Pacing is one of the largely unchallenged themes of fintech—new ideas come up every few months that require merchants, processors and issuers to be in an almost constant state of new tech deployment.

But it doesn't really work that way, according to Steve Sarracino.

"The business has become capital-intensive again," said Sarracino, CEO and founder of the Greenwich, Conn.-based Activant Capital. "To build a product it takes time and capital. Once you get the product developed its impact is powerful. You can still alter that product but with an existing customer base."

Steve Sarracino, CEO and founder of Activant Capital
Steve Sarracino, CEO and founder of Activant Capital.

Activant on Wednesday announced it closed its second fund at $129 million, including a large number of endowments and family offices. The fund, called Activant Ventures II, will focus on existing portfolio companies and new investments. About $50 million has already been deployed from the new fund, with longer lock-ups, or periods during which investors cannot sell shares after an initial investment.

That serves a strategy at Activant that increasingly emphasizes longer development times. It also favors companies that may not grow quickly at first, but can weather changing and unpredictable market trends.

This strategy may not fit the current perception that fintech innovation comes fast and furious, but it actually fits a dynamic market better, Sarracino contends.

Activant thus far has invested in companies such as Hybris, a desktop commerce platform that SAP acquired; as well as RetailNext, Celect, New Stand and Turvo.

These companies offer a range of retail and logistics designed to help merchants respond to the different ways in which digital commerce is changing merchant requirements. What's also driving the change in part is related innovation. The wide availability of web-delivered software makes it important to have a product base product that can accept updates, as opposed to a quick hit app, according to Sarracino.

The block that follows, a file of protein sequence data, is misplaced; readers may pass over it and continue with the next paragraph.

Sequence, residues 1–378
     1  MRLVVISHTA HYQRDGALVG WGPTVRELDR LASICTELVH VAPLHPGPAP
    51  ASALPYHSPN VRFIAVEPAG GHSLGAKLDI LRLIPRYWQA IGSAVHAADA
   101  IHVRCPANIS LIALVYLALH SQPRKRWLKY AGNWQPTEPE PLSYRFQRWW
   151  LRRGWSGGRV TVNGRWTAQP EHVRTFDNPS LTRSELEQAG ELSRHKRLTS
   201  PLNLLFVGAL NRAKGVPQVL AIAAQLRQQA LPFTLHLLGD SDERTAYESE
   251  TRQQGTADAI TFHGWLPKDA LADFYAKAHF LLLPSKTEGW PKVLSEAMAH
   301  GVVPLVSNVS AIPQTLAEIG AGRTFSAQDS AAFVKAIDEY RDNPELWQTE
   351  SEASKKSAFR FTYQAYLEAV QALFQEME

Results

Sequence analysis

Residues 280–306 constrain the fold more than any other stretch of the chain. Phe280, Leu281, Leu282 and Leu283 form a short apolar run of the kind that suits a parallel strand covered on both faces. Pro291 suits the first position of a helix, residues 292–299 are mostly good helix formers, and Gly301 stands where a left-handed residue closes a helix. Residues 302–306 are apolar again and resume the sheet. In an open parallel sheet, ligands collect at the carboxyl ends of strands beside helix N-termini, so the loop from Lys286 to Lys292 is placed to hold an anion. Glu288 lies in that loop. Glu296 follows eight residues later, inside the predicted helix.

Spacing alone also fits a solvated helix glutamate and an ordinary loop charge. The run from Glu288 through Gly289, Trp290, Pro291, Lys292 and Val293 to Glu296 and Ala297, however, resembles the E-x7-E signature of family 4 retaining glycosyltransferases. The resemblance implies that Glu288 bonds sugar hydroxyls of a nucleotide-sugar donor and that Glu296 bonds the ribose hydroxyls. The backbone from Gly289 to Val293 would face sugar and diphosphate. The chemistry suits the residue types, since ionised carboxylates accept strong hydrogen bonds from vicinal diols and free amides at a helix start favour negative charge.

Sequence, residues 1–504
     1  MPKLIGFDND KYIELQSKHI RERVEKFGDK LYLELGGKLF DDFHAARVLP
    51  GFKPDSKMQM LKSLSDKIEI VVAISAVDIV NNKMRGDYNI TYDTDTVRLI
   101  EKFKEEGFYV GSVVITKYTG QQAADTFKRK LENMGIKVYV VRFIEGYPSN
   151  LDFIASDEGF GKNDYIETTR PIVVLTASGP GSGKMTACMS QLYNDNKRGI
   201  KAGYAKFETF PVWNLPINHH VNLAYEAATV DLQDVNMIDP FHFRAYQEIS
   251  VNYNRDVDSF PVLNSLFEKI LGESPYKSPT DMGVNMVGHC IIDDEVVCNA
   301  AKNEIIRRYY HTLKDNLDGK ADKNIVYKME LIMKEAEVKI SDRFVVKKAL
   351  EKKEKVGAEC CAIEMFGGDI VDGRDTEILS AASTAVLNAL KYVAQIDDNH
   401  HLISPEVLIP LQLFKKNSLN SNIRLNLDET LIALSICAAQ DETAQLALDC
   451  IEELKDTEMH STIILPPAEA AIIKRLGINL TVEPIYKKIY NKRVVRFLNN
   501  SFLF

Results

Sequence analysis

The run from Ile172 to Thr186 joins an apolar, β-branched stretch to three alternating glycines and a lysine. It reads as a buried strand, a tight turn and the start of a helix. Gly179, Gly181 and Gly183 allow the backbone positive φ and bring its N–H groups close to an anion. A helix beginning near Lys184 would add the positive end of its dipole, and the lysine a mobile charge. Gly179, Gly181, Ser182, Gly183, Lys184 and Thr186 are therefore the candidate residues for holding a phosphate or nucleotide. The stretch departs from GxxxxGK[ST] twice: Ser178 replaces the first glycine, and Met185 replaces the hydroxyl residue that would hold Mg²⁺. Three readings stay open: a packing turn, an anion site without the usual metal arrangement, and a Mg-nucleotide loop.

Merchants will need technology platforms at the ready that can tackle staffing needs, payment processing, or inventory management. And the technology will have to do this without knowing a specific use case or automation ahead of time.

"It can take a while to get a product out there, something that's best of breed that you want to hold onto for a long time, from its development [and] launch all the way to its IPO. It takes time to build a company like that. A 22-year-old working out of a dorm can't do that," Sarracino said. "It takes adults working on it a long time. It may look like it came out of nowhere, but in reality we're building factories again."

Newstore, for example, is in the second fund, Sarracino said. Newstore's technology powers device-to-device communication, or using embedded technology and the cloud to allow cameras and mobile readers to communicate. That's designed to power different kinds of payments, marketing and content delivery, rather than a specific IoT play, Sarracino said.

"It's created a full system to enable different phone-to-phone transactions," he said. "It just rolled out, but the underlying technology was actually a couple of years in the making."

The notion that the payments technology market is "wide open," as the CEOs of Visa and Mastercard have said, suggests demand for technology that can serve a broader mission rather than a short-term need for automation.

Every development shop should select a platform and development style based on its flexibility, since up to 80% of the cost associated with any given program is maintenance and upgrades — picking the wrong approach will eventually cost a fortune, said Tim Sloane, vice president of payments innovation and the director of the emerging technologies advisory service at Mercator.

"It's always been important for business leaders to work closely with IT to develop a response to the market that exists today and that will exist in the near future," Sloane said. "Organizations that are spending money now to develop their first mobile solution clearly failed this business planning exercise."

Consider Visa's new ID intelligence business unit, Sloane said. "I'm not taking a position that this business unit will be a huge success, but it is clear to me that Visa executives predicted where the market and technology was going and developed a new business plan and platform to address that vision."

"Investing in secular trends, such as a shift to online or mobile for merchants or a shift to electronic payments for B-to-B is a more product approach," said Trevor Rich, a partner at the private equity firm Lovell Minnick Partners.

"However, the number of new solutions looking to capitalize on these trends can seem limitless," Rich said. "Superior technology is not sufficient alone, particularly with smaller merchants or businesses. Distribution can still make or break a business in those segments."

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